What Manner of Man:

Harmony of “Opposites”
By Linda and Richard Eyre

Note: Each week this column provides a short essay on one particular aspect or facet of the Lord’s personality and character.  It is intended that the reader focus on this facet while partaking of the sacrament this Sunday.  (Click here to read full introductory column.) Review previous columns by going to the What Manner of Man Archives by clicking in the margin to the right.

Christ attained (and exemplified) perfection in every facet, in every shade of life. He is the white, perfect light that gathers and includes every color of every spectrum in the rainbow.

His life stands as the ultimate example of all good traits – even those that, at first, seem to us to be opposites of each other:

            stern standards/tolerance
            susceptibility of grief/deep joy
            ambition/interest in ordinary persons
            self-culture and development/self-denial
            commitment to a cause/patience, freedom from anxiety
            compassion/righteous indignation

It is truly amazing to ponder that list and to realize that Christ combined them, perfected the “opposites” simultaneously. He was completely confident, yet completely humble. He had maximum strength, yet maximum sensitivity. The list goes on and on.

There is greatness in balance, and balance is often the result of two great moral forces, each pulling in opposite directions. Even the earth we live on is held in place by centripetal gravity (holding in) and centrifugal force (holding out).

Danger lurks when one character trait overpowers its opposite. Conviction without sympathy makes the bigot. Liberality without positive conviction of truth leads to thoughtless toleration. Compassion without indignation produces the holy man of the East who peacefully meditates while children around him starve.

Balance is everywhere in the Lord’s teaching.  He didn’t say “love others and not yourself.” He said love others as yourself (see Matthew 19:19), love yourself and others. He wants us to seek the best for ourselves and for others. The concept of “and” was important to Christ. He didn’t want us to develop one good trait at the expense of another. He wanted both, for each of us.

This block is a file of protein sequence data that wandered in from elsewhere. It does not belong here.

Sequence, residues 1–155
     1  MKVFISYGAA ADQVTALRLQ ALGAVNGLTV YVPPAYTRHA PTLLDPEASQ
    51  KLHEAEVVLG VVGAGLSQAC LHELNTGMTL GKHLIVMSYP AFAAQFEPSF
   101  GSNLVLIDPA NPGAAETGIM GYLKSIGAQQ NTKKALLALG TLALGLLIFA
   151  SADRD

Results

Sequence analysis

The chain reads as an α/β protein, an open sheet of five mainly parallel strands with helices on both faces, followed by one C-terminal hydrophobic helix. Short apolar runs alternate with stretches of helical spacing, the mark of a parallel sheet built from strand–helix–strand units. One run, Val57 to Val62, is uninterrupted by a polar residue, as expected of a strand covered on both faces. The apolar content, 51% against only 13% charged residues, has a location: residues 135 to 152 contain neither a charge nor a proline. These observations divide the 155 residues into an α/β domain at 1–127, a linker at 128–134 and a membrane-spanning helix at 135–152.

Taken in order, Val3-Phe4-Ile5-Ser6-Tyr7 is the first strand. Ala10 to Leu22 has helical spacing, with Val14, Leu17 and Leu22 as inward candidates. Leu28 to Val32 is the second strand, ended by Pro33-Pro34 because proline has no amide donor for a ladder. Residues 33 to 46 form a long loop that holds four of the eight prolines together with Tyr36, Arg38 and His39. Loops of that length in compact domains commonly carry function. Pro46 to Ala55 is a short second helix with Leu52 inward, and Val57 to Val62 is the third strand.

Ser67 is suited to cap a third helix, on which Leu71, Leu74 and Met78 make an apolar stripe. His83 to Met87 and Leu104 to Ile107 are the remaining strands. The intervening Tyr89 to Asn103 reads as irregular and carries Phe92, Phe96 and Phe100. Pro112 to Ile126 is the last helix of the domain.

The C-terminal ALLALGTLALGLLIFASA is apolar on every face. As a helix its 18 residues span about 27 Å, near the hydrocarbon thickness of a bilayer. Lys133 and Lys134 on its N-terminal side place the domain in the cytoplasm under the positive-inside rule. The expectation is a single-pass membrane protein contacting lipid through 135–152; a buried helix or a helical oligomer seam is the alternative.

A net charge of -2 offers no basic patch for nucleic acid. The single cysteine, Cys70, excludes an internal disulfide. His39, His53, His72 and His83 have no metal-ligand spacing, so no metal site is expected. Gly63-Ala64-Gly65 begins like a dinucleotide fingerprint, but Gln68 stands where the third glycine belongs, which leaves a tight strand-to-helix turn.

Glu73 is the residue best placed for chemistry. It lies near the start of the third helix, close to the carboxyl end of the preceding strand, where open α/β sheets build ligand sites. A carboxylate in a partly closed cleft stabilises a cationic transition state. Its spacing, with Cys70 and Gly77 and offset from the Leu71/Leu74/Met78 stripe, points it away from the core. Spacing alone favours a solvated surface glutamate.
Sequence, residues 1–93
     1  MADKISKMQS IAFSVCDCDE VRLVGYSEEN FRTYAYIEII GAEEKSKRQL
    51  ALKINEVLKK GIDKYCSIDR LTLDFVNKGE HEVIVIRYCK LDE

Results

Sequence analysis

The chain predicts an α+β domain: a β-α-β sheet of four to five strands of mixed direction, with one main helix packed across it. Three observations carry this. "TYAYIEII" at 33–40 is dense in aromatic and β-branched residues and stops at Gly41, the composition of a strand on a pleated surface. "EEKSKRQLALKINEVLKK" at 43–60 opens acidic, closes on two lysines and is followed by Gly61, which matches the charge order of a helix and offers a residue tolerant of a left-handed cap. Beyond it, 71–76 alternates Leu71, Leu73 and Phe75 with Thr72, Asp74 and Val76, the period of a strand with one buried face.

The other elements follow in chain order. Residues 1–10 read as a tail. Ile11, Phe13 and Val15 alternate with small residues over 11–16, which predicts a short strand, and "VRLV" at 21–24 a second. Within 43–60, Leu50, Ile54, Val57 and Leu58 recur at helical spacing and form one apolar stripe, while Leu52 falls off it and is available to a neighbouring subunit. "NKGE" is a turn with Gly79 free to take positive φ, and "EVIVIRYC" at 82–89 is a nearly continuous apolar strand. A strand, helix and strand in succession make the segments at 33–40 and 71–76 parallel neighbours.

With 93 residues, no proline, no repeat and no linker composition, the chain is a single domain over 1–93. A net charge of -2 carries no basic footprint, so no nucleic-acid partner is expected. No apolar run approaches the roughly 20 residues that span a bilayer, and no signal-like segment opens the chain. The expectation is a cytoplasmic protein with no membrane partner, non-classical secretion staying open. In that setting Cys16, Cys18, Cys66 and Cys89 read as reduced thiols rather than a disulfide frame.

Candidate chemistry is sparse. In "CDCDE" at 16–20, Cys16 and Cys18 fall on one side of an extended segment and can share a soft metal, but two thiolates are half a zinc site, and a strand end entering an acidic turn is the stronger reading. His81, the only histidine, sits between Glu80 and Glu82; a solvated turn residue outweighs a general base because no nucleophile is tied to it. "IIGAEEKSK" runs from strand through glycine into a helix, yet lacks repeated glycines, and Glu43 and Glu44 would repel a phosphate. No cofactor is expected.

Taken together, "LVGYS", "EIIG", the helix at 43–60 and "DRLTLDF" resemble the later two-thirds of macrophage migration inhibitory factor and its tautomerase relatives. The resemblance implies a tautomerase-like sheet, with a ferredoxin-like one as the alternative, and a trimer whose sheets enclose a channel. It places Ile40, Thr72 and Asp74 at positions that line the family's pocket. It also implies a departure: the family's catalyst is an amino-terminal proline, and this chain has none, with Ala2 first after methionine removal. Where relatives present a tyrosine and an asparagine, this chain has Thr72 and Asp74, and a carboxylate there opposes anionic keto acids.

He said, “For their sakes I sanctify myself” (John 17:19). Is He saying that He made himself good so that He could help others make themselves good? To Christ, the sin of selfishness had to do not so much with caring about oneself as with not caring about others.

Christ epitomized perfection not only in the “masculine qualities” of strength and leadership, but also in the “feminine qualities” of sensitivity, loyalty, tenderness, devotion.

He is the ultimate example of the assets of youth – delight, adventure, and freshness – but He is also the ultimate example of the assets of age – wisdom and consistency.

He is the ultimate in “Western values” – practicality and action-orientation – but also in “Eastern qualities” – meditation and thought-orientation.

Jesus Christ is the model for all good, and the example for all people, of any age, of any sex, of any times.

Lao-tzu, who lived six-hundred years before Christ and who created the philosophy followed by hundreds of millions of Taoists today, taught that all things were held in check by two great opposing balancing forces: the yin and the yang. He grouped all opposing forces into these categories – the warm and the cold, the masculine and the feminine, the old and the young. He indicated that if there should ever appear on the earth a being who possessed all the qualities of the yin and all the qualities of the yang, that being would be God.

Again, six hundred years after Lao-tzu’s profound prescription came Jesus Christ.

Closing Note: Many have asked if it is possible to get all of the weekly “facets” or aspects of the Savior from this column in book form.  We now have such a book, and we would like to give it as a gift to you loyal readers who have been with us for these many weeks.  Just send a self addressed, stamped book-sized envelope (the padded ones are best) to us at 1098 Augusta Way, Salt Lake City, Utah, 84108 and we will send you a signed copy.  (You will need to put $1.84 in stamps or postage on your return envelope.) Please respond only if you have been reading and following the column, and please do not ask for more than one copy of the book.  We hope this gift will help you continue this idea, and that it will “link” us with as we think about the same facet together each Sunday.  All our best, Richard and Linda Eyre

2005 Meridian Magazine.  All Rights Reserved.